Bull markets rise over extended periods because hope builds slowly and cautiously. Bear markets are short because fear can work its way through the marketplace in a relative instant.
Often, traders maintain their bearish positions too long because they aspire to a certain price target that doesn’t get hit because the time frame of the move has run its course. As a result, these traders must cover and give back hard-earned profits. What most traders don’t grasp is that bear markets don’t end at specific price points; they terminate when fear reaches certain levels.
The volatility index, or VIX, is an important indicator of market fear. It is a useful forecaster of near- to intermediate-term moves in equity indexes. It’s a tool that enables the trader to estimate how much momentum may remain for a current leg. There are two paradigms at work with respect to the VIX: The mathematical interpretation for the sophisticated options player and the psychological factor that really drives markets.
Technically speaking, the VIX is a measure of implied volatility for S&P 500 Index options. It estimates expected stock market volatility over the next 30 days. It is calculated by the Chicago Board Options Exchange and is derived from a public domain, yet complex, formula that is expressed on a percentage basis.
Reading the VIX
In simple terms, the VIX reading refers to the annualized value of the expected move over the next 30 days. For example, a VIX of 17% projects the market will move 17%/(square root of 12) = 4.9% over the next month. Likewise, a VIX of 40% projects the market to move 40%/(square root of 12) = 11.5%. This is a linear interpretation. Keep in mind that markets tend to move in decidedly non-linear fashion, especially when you least expect it.
In practice, however, the specific forecast of the VIX is not important. Instead, the current reading with respect to both long- and short-term relative values is key. Simply, a low VIX translates into less movement over the next 30 days, while a high VIX means a larger percentage move. But keep in mind, the reading is direction neutral.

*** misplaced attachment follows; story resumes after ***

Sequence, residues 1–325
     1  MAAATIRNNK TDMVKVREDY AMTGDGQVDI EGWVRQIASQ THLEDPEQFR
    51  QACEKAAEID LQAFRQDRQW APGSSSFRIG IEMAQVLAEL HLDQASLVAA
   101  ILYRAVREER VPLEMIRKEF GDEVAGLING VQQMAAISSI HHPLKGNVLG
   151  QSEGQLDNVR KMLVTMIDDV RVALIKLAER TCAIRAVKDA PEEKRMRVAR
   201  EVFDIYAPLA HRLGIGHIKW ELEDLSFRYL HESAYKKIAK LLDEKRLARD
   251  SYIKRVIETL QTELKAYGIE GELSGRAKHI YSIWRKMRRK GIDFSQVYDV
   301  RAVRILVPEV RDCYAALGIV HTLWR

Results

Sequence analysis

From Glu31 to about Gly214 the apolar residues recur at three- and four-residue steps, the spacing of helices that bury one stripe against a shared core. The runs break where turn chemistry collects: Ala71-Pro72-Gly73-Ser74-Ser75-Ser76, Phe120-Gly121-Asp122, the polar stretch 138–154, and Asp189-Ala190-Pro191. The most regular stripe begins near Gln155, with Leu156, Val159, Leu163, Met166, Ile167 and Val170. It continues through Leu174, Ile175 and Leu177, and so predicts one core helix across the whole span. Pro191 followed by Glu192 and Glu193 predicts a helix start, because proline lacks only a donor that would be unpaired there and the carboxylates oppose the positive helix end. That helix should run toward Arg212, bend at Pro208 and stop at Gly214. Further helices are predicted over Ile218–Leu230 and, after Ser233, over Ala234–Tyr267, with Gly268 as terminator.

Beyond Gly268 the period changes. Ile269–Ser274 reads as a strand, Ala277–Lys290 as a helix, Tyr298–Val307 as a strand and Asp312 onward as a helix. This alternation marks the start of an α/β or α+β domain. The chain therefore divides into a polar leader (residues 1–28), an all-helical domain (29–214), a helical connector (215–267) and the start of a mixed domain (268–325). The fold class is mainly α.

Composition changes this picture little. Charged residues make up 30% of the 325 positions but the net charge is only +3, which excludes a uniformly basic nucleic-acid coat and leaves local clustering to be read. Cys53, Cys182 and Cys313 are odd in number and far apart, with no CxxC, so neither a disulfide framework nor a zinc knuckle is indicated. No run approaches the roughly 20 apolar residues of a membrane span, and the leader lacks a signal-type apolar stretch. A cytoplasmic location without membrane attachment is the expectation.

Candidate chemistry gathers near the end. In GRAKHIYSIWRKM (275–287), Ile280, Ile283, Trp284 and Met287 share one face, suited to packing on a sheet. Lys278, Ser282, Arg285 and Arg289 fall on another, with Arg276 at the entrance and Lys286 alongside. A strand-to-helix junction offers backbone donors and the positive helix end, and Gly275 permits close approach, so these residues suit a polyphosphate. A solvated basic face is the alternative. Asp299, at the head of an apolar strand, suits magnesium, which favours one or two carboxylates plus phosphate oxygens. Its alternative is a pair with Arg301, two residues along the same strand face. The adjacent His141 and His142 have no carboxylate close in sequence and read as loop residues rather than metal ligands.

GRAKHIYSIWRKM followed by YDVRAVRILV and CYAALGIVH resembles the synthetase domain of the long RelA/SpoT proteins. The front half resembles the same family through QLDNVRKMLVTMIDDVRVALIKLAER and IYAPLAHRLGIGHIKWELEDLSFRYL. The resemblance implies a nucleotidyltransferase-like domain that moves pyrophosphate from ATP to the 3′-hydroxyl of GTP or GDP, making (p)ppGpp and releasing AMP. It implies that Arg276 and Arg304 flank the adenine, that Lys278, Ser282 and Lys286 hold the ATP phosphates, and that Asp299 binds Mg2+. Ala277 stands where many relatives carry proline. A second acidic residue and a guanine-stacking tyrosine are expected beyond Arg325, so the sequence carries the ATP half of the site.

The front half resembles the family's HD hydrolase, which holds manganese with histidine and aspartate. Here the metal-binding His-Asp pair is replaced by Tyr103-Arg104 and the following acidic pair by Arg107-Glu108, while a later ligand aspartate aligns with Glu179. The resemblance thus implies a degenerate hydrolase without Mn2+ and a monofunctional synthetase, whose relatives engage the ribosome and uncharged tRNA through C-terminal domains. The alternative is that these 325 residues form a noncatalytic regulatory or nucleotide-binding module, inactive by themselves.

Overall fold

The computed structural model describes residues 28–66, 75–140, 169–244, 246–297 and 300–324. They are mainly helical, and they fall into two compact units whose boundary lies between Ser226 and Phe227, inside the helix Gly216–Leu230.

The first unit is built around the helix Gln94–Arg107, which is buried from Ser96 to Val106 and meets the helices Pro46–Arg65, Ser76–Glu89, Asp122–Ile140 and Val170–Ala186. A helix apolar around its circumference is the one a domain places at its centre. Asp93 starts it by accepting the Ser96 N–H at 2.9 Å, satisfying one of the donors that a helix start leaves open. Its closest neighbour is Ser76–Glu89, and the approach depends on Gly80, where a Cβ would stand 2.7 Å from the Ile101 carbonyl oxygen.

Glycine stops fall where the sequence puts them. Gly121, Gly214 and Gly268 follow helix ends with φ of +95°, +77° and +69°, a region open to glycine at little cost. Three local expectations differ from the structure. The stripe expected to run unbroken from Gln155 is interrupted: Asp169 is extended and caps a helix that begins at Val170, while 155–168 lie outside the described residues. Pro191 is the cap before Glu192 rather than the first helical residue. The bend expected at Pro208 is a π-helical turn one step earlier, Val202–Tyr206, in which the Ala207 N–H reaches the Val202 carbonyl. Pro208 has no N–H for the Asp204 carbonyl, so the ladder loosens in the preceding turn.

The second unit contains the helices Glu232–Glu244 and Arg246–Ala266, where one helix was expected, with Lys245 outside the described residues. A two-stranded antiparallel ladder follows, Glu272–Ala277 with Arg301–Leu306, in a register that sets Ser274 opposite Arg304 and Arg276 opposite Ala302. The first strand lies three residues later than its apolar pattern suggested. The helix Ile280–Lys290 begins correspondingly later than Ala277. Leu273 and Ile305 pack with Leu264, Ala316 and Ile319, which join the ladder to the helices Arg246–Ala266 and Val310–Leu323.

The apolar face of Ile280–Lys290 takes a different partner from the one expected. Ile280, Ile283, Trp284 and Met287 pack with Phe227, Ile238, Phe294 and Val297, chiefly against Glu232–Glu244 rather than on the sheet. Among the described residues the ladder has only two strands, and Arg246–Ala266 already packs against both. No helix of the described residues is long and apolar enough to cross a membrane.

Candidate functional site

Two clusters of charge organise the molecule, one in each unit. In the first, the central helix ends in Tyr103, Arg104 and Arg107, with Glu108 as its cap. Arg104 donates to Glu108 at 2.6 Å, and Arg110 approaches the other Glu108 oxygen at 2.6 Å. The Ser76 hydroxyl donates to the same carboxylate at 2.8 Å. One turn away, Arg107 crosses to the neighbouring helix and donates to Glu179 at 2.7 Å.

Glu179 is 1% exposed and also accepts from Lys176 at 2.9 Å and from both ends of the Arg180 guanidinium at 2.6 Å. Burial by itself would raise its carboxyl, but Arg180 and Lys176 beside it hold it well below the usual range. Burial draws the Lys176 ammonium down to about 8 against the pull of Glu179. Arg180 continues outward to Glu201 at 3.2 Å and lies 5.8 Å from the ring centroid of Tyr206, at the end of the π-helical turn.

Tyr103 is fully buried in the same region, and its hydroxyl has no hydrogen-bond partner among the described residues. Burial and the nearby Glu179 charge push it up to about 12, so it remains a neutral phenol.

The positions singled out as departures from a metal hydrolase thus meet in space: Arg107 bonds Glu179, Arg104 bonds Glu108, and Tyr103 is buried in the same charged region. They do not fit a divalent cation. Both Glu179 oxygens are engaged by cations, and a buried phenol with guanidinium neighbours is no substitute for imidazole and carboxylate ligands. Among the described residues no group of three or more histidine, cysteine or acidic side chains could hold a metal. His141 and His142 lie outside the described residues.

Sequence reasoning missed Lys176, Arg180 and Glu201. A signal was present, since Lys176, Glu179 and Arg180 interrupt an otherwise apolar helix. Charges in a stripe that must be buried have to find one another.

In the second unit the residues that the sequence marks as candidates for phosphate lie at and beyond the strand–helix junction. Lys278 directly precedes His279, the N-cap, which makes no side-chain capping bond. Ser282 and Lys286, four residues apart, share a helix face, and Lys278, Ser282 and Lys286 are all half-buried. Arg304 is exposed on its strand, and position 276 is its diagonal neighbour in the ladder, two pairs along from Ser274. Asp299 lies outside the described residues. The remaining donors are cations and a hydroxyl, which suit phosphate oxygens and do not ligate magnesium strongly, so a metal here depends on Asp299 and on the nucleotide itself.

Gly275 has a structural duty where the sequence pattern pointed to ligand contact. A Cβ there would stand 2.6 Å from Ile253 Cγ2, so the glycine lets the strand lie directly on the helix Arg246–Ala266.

That said, there is a psychological factor at play. For traders, analysts and the financial media, high volatility connotes a market drop, while low volatility implies a rising market. In addition, many believe a low VIX reading means more of the same, while a high VIX reading means the market is poised to shift.
But this conventional wisdom isn’t necessarily correct. For instance, in 2002 when the S&P 500 bottomed at 768, the VIX high was approximately 42% that week, but fell to 36% the day the market turned. Technically speaking, traders could have anticipated an approximate 10%-12% move over the next 30 days. Further, traders following mainstream assumptions may have assumed the market would be lower over the next month. However, the low to high over the next 30 calendar days was 768 to 894, a difference of 16.4%.
The opposite move higher is not such a stretch; when markets truly do bottom, everyone thinks prices are going down forever. However, the right approach is to buy when there is blood in the streets, expecting prices to rise as a result of all buying pressure having been extinguished. A similar misconception also is rampant on the upside. Traders who enter in a late-stage bull market are not psychologically ready for the turn; the most important number to them is not the VIX, but rather how much skin they have in the game.